Nairobi terrorists say attack was revenge for U.S. Jerusalem embassy move

A Jewish American and a Briton were among the casualties.

A policeman runs past burning cars at the scene where explosions and gunshots were heard at the Dusit hotel compound, in Nairobi, Kenya (photo credit: REUTERS/BAZ RATNER)
A policeman runs past burning cars at the scene where explosions and gunshots were heard at the Dusit hotel compound, in Nairobi, Kenya
(photo credit: REUTERS/BAZ RATNER)
The Kenya Red Cross said on Thursday that all people missing after an attack on a Nairobi hotel complex had now been accounted for.
"All the 94 tracing cases have been closed positively as of today 1230hrs," it said in a statement.
Tuesday's attack by Somali militants killed 21 people at the 14 Riverside Drive hotel and office complex in the Kenyan capital.
Al Shabaab, a Somalia-based al Qaeda affiliate fighting to impose strict Islamic law, said it carried the assault on the upscale dusitD2 compound over U.S. President Donald Trump's decision to recognize Jerusalem as Israel's capital. It
Kenyan President Uhuru Kenyatta said on Wednesday evening that a 20-hour siege had ended with security forces killing all the Somali militants who had stormed the hotel complex, driving hundreds of people into terrifying escapes.
The Red Cross had on Wednesday afternoon put the number of those unaccounted for at 50.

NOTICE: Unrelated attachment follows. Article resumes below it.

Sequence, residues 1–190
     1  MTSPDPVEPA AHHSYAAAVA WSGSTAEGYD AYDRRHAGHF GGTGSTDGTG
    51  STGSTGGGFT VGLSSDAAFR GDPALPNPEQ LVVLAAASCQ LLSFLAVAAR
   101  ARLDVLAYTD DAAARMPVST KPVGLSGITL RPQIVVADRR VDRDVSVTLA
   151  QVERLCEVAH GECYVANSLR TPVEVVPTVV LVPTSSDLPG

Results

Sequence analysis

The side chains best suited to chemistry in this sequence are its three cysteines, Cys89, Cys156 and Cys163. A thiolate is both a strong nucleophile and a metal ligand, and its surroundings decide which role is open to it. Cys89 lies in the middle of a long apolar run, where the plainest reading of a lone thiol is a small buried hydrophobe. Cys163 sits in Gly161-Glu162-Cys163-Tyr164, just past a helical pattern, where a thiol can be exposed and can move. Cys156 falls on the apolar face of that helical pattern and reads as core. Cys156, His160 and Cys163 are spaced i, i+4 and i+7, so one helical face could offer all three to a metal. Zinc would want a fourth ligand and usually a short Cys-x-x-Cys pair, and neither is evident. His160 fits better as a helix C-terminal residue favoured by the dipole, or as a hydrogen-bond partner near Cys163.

In a statement some hours later, it said the number of people still unaccounted for had dropped to 19.
Kenya, the East African hub for multinational companies and the United Nations, became a frequent target for al Shabaab after Kenya sent troops into neighboring Somalia in 2011 to try to create a buffer zone along its border.
In a two-page statement claiming responsibility for the attack, al Shabaab did not spell out why it had chosen to hit Kenya over Trump's December 2017 decision on Jerusalem.
It said the attack was "a response to the witless remarks of U.S. president, Donald Trump, and his declaration," and that it was targeting "Western and Zionist interests worldwide and in support of our Muslim families in Palestine."
Asked about the claim, a White House National Security Council spokesman said in a statement: "This senseless act is a stark reminder of why the United States remains resolved in our fight to defeat radical Islamist terrorism."
The bloody bodies of five attackers were broadcast across social media as Kenyatta announced the end of the siege, which echoed a 2013 al Shabaab assault that killed 67 people in the Westgate shopping center in the same district.
Sixteen Kenyans including a policeman, an American survivor of the Sept. 11, 2001 al Qaeda attacks on the United States, and a British development worker were among the dead in the hotel complex, Nairobi police chief Joseph Boinnet said.


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